Bloggers are split over a ruling against warrantless wiretaps, but they agree that Apple did the right thing in investigating work conditions in its iPod factory in China. Then there's more michegas over a changing definition of "planet."
Eavesdrop kick: In another judicial rebuke to the Bush administration, U.S. District Court Judge Anna Diggs Taylor ruled Thursday that warrantless wiretaps violate not just the Fourth Amendment but also a 1978 FISA statute that has made the "warrantless" bit problematic. Civil libertarians are overjoyed, but conservatives hammer the amateurish and hectoring style of the decision, not to mention Taylor's lefty background.
Veteran New York civil rights litigator Glenn Greenwald at Unclaimed Territory offers a point-by-point summary of the ruling, which he supports but nonetheless finds "not the most scholarly opinion ever. It has argumentative holes in it in several important places. But it is correct in its result and it is an enormous victory for the rule of law."
Law prof Eugene Volokh at The Volokh Conspiracy says that the decision may be justified, but not on constitutional grounds: "[I]t's possible that the court got the result right -- in my view, not on the First and Fourth Arguments, but on the FISA point. Nonetheless, if the court's FISA analysis is mistaken, then the other arguments (the separation of powers and the inherent power arguments) don't provide any independent basis for its decision."
Eric Wise at CodeBetter.com thinks pragmatism, coupled with the passivity of NSA phone snooping, is what makes the administration's case: "Because there are tens of thousands of calls a day, it is unfeasible to expect to get warrants to monitor every call, and it is also unfeasible to just delete the ones you aren't listening to, since they may need to be cross referenced and analyzed some day. However, I do think that as soon as a flag is raised, they best be getting a judge and warrant involved."
Legal eagle Ann Althouse has "skimmed" the decision, but so far is unimpressed: "It's hard to understand why a judge writing an opinion in such a high-profile case, dealing with such difficult law, would not put immense effort into creating an outward appearance of heavy scholarly effort and pristine neutrality. Does the judge lack the competence to do it? Does the judge have a hot feeling of righteousness and outrage about the case and also think it's good to show it? Perhaps it's some subtle combination of those two things."
For some, it's all about Taylor's politics and the president who appointed her to the bench. Pamela at Atlas Shrugs fumes: "The devastation of the Carter Presidency seems unending. Yes, we have Jimmuh to thank for a an Islamic Iran but his incompetence has other far reaching ramifications (as if losing the Shah and bungling the 1979 hostage crisis wasn't enough.)"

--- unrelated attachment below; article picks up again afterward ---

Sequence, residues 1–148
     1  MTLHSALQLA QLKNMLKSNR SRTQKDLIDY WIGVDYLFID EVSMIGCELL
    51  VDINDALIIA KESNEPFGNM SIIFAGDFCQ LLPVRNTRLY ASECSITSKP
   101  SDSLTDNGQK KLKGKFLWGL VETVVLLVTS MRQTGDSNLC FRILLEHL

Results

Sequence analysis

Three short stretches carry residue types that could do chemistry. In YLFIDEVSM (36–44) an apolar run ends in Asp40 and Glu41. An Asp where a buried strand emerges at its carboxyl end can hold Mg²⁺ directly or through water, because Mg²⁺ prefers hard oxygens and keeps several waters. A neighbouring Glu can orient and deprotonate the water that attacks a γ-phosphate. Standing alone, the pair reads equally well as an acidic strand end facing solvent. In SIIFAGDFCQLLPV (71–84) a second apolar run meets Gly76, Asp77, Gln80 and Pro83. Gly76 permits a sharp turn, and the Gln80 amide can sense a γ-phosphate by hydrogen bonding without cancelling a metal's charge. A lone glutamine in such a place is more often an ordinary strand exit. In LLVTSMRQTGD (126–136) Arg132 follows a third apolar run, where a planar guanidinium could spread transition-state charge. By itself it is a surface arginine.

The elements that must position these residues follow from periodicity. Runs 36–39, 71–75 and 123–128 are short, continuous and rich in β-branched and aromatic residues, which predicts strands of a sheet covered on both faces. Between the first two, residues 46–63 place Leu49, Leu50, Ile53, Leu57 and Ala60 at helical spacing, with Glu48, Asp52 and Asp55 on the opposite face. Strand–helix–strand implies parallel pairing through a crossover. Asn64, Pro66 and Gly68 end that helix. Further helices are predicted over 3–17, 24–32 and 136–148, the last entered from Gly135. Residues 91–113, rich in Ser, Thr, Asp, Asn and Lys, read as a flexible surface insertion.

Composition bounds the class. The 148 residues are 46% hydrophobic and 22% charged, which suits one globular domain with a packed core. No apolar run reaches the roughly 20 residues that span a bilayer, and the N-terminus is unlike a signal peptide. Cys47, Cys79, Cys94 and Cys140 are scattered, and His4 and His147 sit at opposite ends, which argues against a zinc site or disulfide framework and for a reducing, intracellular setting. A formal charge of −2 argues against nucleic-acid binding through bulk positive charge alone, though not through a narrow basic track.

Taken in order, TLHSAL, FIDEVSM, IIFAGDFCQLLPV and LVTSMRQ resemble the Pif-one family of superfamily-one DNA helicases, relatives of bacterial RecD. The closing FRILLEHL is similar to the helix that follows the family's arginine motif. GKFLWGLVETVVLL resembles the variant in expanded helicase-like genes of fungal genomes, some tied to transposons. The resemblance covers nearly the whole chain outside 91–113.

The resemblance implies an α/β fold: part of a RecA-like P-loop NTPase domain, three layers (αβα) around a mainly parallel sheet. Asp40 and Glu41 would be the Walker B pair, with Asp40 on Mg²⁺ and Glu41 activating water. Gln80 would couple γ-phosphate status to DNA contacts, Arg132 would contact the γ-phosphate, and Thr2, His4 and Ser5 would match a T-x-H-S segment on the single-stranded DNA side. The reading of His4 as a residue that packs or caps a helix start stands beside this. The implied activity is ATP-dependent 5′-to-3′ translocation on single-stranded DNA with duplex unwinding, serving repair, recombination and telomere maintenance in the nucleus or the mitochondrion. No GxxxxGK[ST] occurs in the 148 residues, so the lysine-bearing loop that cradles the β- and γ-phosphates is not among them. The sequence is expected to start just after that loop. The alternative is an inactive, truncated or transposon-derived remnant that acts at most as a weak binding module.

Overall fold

How silicon was my valley: After an eyebrow-raising report appeared in June in the Mail on Sunday, Apple launched an internal probe into labor conditions in one of its iPod plants in China. Overall, things looked OK except for a tendency for workers to put in more than 60 hours per week a third of the time, and six-day weeks a quarter of the time.
Travis Hudson at gadget-obsessed Gizmodo comes outon Apple's side: "The most interesting finding is that the facilities offer dormitories for employees to live in, rent-free, along with recreation facilities, cafeterias, lounges, Internet cafes, a post office, a hospital, a supermarket and even a freaking swimming pool. Sounds like a pretty good place to work, in China at least."
At Hob's Blog, technology and business blogger in London Ian Hobson agrees: "No child labour, no enforced working, generally good conditions, and generally happy workers. Excessive hours maybe a problem, though it seems this country of ours took until just a few years ago to adopt a working time directive measure - a law that really was about worker safety and public safety."
Derek in Ilsan, South Korea, cites Apple's assurance that a "normal" 60-hour work week would apply from now on and comments: "What, are people praising Apple for being such humanists? I like an iPod as much as the next guy, and Apple makes some pretty good products, but at least call it for what it is...Exploited workers busting their asses so we can save 50 bucks at the checkout counter, while Apple shrugs and blames it on the shareholders."
Read more about the iPod issue.
Plutocracy: The long debate over whether Pluto constitutes a planet or a Kuiper Belt object was renewed this week after astronomers announced a new standard for determining what's a planet and what's a "pluton." Pluto is in for now. The difference has to do with orbit and gravity, and with which bloggers you consult.
Design and development maven Ian Muir: The Angry Scotsman wants more planets, not fewer: "First of all, the number of bodies that would be considered planets shouldn't be a factor in the definition. The definition should be based on valid scientific reasoning not logistics. It seems that some scientists are tied to the idea that planethood is some exclusive club that shouldn't include too many members. I mean, we can't possibly memorize 53 planets!"
Nice try, says "tgirsch" at Lean Left: "If the IAU membership actually approves this proposed definition, then they've essentially said that the opinions of a bunch of third graders are more important than having a coherent, meaningful definition. And that they'd rather cheapen the standard, counting an asteroid and two additional dead comets as 'planets,' than admit that they were wrong to have classified Pluto as a planet in the first place."